Winds of change affect developers

News editor

Rex Savage of Florence didn’t intend to be a trailblazer, but such is the fate of those who go first, as he did when he embarked on a quest to see a wind farm built in the county.

Over the years Savage has been developing what’s known as the Doyle project, technology, regulations, prices, the industry, and Savage’s plans all have changed.

The one constant through it all: Money makes the turbine blades turn.

Now, there’s a new player in the county, one with a well-financed multinational energy company partner.

Tradewind Energy, a Lenexa-based firm, has 17 wind projects operating or in development around the country, according to its website map. The Smoky Hills project along I-70 west of Salina is one of theirs.

Tradewind and Windborne Energy, Savage’s company, are similar in one respect: they plan and secure all that’s necessary for a wind energy conversion project, but they don’t build it.

“We take projects from inception to construction,” Tradewind senior development director Brice Barton said. “The majority of our wind projects go to Enel. They take the project from contruction to operation and maintenance.”

Enel Green Power North America owns and operates more than 90 renewable energy power plants, including 14 wind projects designed by and purchased from Tradewind Energy. EGPNA’s parent company, Enel, provides power to more than 61 million customers on four continents.

“Having that kind of backing behind you is a gold mine,” Savage said. “You know the parameters they will accept for financial performance and you can put a project together within those parameters.

“Jealous isn’t the right word, but I’d like to have one like it. It would make my life remarkably easier.”

Therein lies the difference between present and future success.

When Savage and business partner Delmar Nightingale of Galva formed Windborne in 2009, they provided the working capital to design the Doyle project.

“He has a disposition somewhat like mine,” Savage said, “to do all manner of odd things that everybody else says are too crazy to work.”

They developed leases with landowners, conducted preliminary environmental evaluations, and collected informal wind measurements to create a preliminary plan.

“We put together enough acreage using the spacing patterns of that time for 100 megawatts,” Savage said. “(The wind) extrapolations proved to be within two percent of what the winds turned out to be. I thought that was pretty good for cowboy math.”

In 2011 they applied for and received a conditional use permit for a wind farm. The timing, however, was less than ideal for selling the project to investors.

“By the time we got through the first one, economic demand for electrical growth had dropped off,” Savage said. “It changed things. The people who initially had indicated they were going to take it proved unable to write a check.”

It took about two years of searching before they connected with Sunwind Energy Group, a startup company. Doyle would be their first wind farm.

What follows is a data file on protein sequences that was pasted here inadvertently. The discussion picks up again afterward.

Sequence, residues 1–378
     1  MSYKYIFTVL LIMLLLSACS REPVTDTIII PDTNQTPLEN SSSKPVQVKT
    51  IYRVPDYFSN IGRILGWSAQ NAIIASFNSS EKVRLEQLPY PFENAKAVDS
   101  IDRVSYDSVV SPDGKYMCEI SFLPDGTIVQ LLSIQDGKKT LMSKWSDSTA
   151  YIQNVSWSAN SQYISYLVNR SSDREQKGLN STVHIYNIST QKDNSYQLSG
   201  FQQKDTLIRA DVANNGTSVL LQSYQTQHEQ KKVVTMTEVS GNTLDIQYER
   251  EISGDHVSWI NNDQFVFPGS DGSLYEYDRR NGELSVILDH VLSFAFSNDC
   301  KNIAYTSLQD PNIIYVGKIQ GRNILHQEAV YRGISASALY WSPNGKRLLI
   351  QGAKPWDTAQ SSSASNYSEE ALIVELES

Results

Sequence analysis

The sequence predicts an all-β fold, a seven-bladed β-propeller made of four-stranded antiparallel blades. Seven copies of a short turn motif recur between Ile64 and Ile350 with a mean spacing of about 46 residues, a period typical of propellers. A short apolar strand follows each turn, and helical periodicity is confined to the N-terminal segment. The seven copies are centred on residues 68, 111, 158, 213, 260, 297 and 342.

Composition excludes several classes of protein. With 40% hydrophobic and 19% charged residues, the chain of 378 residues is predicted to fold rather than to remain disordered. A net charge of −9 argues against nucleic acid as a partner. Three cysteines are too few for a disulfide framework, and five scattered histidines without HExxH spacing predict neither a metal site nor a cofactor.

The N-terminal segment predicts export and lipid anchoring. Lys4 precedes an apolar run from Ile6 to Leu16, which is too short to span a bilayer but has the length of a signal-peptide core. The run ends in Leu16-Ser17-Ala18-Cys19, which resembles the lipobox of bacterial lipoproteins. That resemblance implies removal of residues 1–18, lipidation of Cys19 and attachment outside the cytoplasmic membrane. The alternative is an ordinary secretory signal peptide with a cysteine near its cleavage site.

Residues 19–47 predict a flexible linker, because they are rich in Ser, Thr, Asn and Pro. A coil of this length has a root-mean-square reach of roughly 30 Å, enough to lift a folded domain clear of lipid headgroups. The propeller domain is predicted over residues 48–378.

“We had question marks about them because they were a startup, but they did put some money on the table and moved forward,” Savage said.

Sunwind generated about $7.4 million through the sale of securities, Sunwind president Joe Craft confirmed. The company also obtained a loan of about $2.4 million from TelexElectric, a subsidiary of TelexFree, a telecommunications company.

Sunwind put up meteorological towers for a formal wind study, completed an electricity transmission agreement, and eventually hired a project manager, Ros Vrba, to handle development details.

“They made a good faith effort,” Savage said.

But Sunwind didn’t have a purchase agreement for the wind farm’s electricity.

“We were negotiating for one with Westar but did not get it,” Craft said.

Sunwind suffered another blow when federal agents raided the offices of TelexFree in 2014, claiming it was a billion-dollar fraud and money laundering scheme.

A federal bankruptcy court agreement worked out in July determined Sunwind has to repay its $2.4 million loan for the Doyle project, with interest, to satisfy claims of TelexFree creditors.

“Like all projects, this one has encountered numerous challenges which had to be overcome,” Craft said. “We look forward to the successful conclusion of these efforts.”

Savage said a successful conclusion may not include Sunwind.

“We have come to terms with a potential buyer and are waiting to see if they have the capability to close the purchase,” Savage said.

Barton hopes the development of the Diamond Vista project will be straightforward for Tradewind.

“Being at this 14 or 15 years, we have pretty good resources in house, a group of experts that looks at everything,” he said. “We’ve taken wind farms to construction in two and a half to three years.”

However, timelines vary with each project, Barton said.

“We have a project we’re doing right now that’s in year eight of development,” he said.

Tradewind has developed lease agreements in Marion and McPherson counties for about 30,000 acres for Diamond Vista, and plans to secure more, including in Dickinson County.

Savage hopes an investor capable of moving the Doyle project ahead will come on board soon.

“It needs a shot of money,” he said. “That’s where we’re at.”

Last modified Sept. 7, 2016